The house is up for sale, and Uncle Danny pounced on it! Within 20 minutes he was discussing the matt! er with the Realtor.

We peaked inside through windows and I took some photos of the original cabinets Grandpa Virgil built. The garage door was open, and there we found even more cabinets!

Uncle Danny, Jose and I walked to the lake and spent some time talking to folks who lived there. The lake, with the island and Grandpa’s pier, was one of the most peaceful, beautiful moments of this trip.

Over in the swamp lived the famed WOOFENWAFUS.

Grandpa Virgil lost two fingers on one hand in an accident with a table saw. To keep all the grandchildren, and later, great-grandchildren from wandering to the lake alone, he created this creature who lived in the lake – the Woofenwafus. Mother said she even use to sit on her hands for fear the creature would chew her fingers off her hands.

One Christmas, when I was about 5 or 6, Grandpa Virgil pulled me on to his lap and told me a hunter had caught the Woofenwafus out of the lake one morning and shot him… the creature died. However, I was assured there wou! ld be mo re baby woofenwafus clamouring out of the nest that following spring… sadly, the creator of the Woofenwafus, known to countless others beyond our family, passed away that September… Grandpa Virgil is no longer with us, but the Woofenwafus lives on in the woods at Uncle Danny & Aunt Bonnie’s farm, and one cousin told me it is sometimes in the trunk of her car when a son wishes to not behave.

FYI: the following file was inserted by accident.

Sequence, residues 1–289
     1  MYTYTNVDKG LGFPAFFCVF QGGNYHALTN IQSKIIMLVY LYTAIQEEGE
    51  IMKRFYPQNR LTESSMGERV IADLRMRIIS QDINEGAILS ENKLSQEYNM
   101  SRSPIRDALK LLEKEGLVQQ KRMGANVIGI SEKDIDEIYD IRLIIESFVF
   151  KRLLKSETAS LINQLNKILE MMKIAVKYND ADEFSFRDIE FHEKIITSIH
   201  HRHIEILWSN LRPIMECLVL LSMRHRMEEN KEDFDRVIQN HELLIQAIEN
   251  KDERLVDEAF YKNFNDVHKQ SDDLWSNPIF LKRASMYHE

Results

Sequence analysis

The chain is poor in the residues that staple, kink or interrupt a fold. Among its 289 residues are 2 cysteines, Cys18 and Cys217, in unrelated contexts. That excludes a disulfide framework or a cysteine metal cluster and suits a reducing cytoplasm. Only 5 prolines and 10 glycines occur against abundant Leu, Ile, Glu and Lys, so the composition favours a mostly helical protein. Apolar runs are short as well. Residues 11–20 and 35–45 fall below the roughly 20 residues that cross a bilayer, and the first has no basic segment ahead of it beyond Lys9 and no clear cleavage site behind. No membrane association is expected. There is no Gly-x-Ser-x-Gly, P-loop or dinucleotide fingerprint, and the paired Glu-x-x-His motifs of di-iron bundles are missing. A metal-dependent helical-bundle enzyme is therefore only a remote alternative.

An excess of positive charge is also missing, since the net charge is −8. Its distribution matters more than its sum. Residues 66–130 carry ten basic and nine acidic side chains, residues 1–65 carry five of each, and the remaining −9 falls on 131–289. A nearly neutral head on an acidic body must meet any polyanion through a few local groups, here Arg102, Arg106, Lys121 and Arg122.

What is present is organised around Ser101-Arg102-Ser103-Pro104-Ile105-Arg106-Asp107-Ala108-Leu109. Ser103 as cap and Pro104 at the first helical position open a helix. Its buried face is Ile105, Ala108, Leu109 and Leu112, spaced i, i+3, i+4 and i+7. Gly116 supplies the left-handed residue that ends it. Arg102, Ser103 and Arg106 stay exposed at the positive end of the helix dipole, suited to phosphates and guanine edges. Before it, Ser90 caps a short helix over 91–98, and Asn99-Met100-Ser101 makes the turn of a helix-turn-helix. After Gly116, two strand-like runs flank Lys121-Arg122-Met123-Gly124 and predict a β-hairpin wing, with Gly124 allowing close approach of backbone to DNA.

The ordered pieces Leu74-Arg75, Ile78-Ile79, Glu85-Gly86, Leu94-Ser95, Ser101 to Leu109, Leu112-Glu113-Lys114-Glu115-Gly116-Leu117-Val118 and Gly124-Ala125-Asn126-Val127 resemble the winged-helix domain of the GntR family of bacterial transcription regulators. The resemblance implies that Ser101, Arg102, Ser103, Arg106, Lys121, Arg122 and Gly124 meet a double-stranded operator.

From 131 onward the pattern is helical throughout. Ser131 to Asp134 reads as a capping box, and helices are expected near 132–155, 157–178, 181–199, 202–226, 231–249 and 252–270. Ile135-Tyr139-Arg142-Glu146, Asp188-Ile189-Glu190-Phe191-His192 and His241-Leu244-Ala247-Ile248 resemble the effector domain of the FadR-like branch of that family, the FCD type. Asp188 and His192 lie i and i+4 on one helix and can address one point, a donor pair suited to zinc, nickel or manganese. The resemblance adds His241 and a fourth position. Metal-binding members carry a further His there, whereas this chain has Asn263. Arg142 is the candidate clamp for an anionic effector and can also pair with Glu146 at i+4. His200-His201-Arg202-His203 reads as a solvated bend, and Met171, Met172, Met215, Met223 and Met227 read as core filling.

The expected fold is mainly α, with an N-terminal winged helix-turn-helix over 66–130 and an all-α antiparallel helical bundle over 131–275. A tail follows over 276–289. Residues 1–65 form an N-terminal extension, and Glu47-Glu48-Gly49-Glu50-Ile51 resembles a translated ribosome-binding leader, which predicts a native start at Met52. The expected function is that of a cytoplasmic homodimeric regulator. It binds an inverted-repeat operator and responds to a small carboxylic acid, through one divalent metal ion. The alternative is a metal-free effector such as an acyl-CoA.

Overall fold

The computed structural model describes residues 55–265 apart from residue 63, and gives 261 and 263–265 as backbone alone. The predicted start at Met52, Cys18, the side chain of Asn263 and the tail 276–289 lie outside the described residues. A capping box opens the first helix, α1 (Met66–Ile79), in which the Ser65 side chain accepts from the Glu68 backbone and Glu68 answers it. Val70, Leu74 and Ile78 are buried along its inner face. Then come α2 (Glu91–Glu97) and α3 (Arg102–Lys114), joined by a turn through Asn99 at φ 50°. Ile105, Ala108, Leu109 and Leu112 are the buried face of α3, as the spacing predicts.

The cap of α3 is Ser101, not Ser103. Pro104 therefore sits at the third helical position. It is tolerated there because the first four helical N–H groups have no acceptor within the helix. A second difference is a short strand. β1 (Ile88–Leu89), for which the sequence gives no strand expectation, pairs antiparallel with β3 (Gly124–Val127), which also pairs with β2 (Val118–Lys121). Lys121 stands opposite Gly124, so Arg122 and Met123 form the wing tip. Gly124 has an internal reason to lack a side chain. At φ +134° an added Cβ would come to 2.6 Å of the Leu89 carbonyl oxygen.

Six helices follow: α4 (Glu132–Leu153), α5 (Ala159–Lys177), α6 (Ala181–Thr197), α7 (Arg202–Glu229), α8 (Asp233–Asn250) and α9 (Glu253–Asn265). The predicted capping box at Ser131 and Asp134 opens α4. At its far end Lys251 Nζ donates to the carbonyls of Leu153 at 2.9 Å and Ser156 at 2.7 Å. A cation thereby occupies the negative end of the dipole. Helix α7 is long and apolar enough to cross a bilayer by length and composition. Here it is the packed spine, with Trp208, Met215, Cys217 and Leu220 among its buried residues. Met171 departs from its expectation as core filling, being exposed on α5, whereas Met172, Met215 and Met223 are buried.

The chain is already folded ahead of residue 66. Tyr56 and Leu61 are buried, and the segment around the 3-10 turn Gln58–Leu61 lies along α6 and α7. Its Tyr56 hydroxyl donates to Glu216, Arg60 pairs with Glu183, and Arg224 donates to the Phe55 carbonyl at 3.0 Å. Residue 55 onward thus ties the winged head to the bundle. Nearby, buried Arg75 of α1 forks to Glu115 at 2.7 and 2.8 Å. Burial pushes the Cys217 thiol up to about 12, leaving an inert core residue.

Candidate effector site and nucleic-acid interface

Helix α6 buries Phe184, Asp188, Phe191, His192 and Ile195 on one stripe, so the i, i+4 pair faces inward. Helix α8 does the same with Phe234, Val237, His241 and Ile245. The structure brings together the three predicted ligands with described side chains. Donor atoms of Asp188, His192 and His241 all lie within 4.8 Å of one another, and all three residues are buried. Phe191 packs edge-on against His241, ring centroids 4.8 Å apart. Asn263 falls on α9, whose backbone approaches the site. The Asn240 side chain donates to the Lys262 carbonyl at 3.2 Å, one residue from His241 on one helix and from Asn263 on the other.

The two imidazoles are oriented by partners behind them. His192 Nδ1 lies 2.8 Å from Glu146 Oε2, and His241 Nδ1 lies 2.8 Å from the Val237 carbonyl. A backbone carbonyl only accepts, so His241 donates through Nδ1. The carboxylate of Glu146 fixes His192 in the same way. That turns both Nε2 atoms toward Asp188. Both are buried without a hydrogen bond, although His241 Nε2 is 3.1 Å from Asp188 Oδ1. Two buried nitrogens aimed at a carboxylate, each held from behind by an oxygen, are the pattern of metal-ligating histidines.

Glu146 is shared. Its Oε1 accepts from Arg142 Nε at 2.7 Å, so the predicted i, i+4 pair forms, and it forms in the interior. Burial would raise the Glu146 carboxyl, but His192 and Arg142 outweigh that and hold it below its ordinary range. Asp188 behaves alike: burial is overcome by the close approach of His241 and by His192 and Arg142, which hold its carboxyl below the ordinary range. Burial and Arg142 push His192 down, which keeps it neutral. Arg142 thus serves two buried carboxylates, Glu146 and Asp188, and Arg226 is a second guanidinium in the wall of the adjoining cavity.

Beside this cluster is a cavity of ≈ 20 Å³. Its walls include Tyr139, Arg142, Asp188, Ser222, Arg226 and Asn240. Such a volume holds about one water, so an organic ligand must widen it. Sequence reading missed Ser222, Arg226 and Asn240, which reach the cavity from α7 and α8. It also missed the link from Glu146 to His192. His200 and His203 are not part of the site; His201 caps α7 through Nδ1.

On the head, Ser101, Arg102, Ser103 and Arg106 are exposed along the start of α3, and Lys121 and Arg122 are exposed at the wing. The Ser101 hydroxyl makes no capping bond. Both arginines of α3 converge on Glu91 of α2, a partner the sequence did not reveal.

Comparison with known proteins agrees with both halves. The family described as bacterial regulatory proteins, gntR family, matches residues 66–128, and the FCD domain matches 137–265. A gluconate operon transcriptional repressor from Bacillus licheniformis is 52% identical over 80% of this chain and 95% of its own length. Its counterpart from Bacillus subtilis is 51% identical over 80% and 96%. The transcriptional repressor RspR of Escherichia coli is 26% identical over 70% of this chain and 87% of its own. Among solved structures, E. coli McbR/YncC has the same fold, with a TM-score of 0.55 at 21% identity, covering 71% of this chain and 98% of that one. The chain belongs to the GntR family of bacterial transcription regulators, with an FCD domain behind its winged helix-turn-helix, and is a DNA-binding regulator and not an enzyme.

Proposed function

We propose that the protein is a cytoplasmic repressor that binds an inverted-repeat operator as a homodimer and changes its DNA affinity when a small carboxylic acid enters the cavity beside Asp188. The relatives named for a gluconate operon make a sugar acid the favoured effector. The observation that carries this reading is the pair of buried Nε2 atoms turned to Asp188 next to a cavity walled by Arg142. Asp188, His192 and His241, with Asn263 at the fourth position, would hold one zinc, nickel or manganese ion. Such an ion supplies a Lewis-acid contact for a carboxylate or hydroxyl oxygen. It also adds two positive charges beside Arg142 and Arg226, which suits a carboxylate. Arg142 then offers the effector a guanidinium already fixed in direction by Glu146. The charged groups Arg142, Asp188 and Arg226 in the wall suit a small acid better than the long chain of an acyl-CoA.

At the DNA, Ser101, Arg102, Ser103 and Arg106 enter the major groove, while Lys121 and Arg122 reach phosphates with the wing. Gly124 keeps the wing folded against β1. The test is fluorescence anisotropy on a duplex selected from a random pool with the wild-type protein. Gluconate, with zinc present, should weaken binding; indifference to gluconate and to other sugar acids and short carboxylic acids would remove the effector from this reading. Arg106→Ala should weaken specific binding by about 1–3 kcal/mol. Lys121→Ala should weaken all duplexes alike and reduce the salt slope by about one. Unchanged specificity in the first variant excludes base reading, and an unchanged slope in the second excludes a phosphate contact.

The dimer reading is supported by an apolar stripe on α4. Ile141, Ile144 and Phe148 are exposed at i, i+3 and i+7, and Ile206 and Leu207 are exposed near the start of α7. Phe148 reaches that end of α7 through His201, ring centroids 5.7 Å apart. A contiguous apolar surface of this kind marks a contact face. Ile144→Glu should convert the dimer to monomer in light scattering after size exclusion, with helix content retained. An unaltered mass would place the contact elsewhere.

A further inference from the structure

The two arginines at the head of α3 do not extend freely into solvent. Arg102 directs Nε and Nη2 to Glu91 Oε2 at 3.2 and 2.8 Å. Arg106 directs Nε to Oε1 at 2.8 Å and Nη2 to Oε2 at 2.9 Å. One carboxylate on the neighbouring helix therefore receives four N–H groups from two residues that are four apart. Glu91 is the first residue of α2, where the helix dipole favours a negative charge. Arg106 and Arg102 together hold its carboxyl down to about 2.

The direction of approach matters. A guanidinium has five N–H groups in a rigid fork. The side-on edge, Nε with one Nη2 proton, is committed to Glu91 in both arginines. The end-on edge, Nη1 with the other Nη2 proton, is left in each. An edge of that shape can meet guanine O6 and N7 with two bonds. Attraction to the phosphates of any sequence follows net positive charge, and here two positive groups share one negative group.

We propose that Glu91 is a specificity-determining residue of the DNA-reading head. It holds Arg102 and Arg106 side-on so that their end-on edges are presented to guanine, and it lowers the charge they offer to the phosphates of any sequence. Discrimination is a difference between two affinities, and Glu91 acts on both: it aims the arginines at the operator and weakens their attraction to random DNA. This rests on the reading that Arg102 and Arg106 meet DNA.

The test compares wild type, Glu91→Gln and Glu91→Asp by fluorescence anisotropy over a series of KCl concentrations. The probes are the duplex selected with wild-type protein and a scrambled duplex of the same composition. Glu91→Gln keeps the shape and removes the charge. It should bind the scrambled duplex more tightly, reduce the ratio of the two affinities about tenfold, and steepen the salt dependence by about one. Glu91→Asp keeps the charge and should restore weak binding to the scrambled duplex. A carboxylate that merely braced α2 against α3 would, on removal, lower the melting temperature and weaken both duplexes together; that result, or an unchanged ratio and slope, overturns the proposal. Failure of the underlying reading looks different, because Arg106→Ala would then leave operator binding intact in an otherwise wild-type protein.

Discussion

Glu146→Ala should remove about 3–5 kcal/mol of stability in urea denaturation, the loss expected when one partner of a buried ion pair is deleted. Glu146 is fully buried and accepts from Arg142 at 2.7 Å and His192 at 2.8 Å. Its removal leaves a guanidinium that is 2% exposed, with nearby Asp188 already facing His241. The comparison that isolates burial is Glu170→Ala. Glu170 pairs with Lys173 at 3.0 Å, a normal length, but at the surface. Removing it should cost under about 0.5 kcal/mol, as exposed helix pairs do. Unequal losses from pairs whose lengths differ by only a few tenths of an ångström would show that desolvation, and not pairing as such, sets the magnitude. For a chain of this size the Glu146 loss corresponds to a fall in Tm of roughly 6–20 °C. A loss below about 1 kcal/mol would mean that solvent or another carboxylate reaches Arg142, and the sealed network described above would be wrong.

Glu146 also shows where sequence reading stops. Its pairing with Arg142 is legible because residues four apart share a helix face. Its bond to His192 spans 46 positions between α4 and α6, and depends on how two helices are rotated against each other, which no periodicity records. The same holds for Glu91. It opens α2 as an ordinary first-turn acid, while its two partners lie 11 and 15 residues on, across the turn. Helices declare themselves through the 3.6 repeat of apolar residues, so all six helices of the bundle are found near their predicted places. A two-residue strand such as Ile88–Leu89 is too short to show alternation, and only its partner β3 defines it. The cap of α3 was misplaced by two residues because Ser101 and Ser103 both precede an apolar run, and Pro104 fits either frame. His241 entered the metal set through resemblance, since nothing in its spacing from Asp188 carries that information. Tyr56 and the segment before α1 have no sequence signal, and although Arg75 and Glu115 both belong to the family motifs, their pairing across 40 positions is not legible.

Once, my grandfather drove me up to Dewart to go ice fishing with Grandpa Virgil. On the ride up, I was told that Grandpa Virgil was chopping a hole big enough for the boat to fit in… of course, we arrived to the ice house, instead.

So you see, Dewart Lake, to me, is truly Grandpa Virgil. Many gatherings were held here, and many wonderful times.

We left the family and ventured around the lake to Quaker Haven. I knew of the location while growing up, and was re-introduced to the camp in 2005 by Amanda Berlon and her family. Jose and Caleb Berlon went to! camp there for a week, and this was fun for Jose to visit. He took some photos, and eagerly told me of the fun things he had done while at camp… it was finally a break from stories of being with Uncle Destin and Aunt Stacia…

We left Dewart Lake – and for some reason, I believe I will be returning… I arrived thinking of this as sort of a farewell visit as there did not seem any reason to return… however….

We headed north to Syracuse, about 15 miles away, and there I visited one of my most favorite places from my high school and early college years… Smith-Walbridge Drum-Major Camp.

In 1979, I became one of the first freshman drum-majors in the country. Tudy Smith, the nationally known baton instructor was our choreographer at Elwood, and she insisted I attend this camp… and I did.

Four remarkable years as a student, and several as an instructor. Last week, I wrote Gary Smith, the son of the camp’s founder, and he cautioned me that it was run down in appearance… and it is… but still, enough of the camp was still standing.

Twenty-nine years ago on July 7th, I arrived at Smith-Walbridge Camp, and my life changed…